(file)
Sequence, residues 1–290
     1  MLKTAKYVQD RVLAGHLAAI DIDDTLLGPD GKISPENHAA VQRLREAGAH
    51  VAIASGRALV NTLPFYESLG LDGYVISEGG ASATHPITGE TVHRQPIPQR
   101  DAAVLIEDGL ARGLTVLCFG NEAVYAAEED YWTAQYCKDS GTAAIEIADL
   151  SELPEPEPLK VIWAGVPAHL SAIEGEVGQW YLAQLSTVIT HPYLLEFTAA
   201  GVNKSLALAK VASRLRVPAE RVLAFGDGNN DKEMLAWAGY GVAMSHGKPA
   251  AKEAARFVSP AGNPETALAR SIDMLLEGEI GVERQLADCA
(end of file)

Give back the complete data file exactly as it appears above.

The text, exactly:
Sequence, residues 1–290
     1  MLKTAKYVQD RVLAGHLAAI DIDDTLLGPD GKISPENHAA VQRLREAGAH
    51  VAIASGRALV NTLPFYESLG LDGYVISEGG ASATHPITGE TVHRQPIPQR
   101  DAAVLIEDGL ARGLTVLCFG NEAVYAAEED YWTAQYCKDS GTAAIEIADL
   151  SELPEPEPLK VIWAGVPAHL SAIEGEVGQW YLAQLSTVIT HPYLLEFTAA
   201  GVNKSLALAK VASRLRVPAE RVLAFGDGNN DKEMLAWAGY GVAMSHGKPA
   251  AKEAARFVSP AGNPETALAR SIDMLLEGEI GVERQLADCA